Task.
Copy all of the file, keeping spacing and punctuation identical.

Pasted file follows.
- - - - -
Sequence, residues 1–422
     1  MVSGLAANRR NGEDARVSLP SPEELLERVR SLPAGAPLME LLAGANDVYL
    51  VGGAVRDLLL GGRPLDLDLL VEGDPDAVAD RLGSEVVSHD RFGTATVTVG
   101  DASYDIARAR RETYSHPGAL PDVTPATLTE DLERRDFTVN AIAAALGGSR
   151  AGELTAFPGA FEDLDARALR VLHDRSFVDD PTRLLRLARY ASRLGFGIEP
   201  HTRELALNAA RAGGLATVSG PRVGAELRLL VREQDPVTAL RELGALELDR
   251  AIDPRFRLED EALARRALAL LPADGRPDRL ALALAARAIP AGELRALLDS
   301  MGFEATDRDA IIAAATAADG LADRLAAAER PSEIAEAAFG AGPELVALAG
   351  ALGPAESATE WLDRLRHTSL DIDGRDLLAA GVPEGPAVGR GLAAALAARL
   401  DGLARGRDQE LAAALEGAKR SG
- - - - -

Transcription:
Sequence, residues 1–422
     1  MVSGLAANRR NGEDARVSLP SPEELLERVR SLPAGAPLME LLAGANDVYL
    51  VGGAVRDLLL GGRPLDLDLL VEGDPDAVAD RLGSEVVSHD RFGTATVTVG
   101  DASYDIARAR RETYSHPGAL PDVTPATLTE DLERRDFTVN AIAAALGGSR
   151  AGELTAFPGA FEDLDARALR VLHDRSFVDD PTRLLRLARY ASRLGFGIEP
   201  HTRELALNAA RAGGLATVSG PRVGAELRLL VREQDPVTAL RELGALELDR
   251  AIDPRFRLED EALARRALAL LPADGRPDRL ALALAARAIP AGELRALLDS
   301  MGFEATDRDA IIAAATAADG LADRLAAAER PSEIAEAAFG AGPELVALAG
   351  ALGPAESATE WLDRLRHTSL DIDGRDLLAA GVPEGPAVGR GLAAALAARL
   401  DGLARGRDQE LAAALEGAKR SG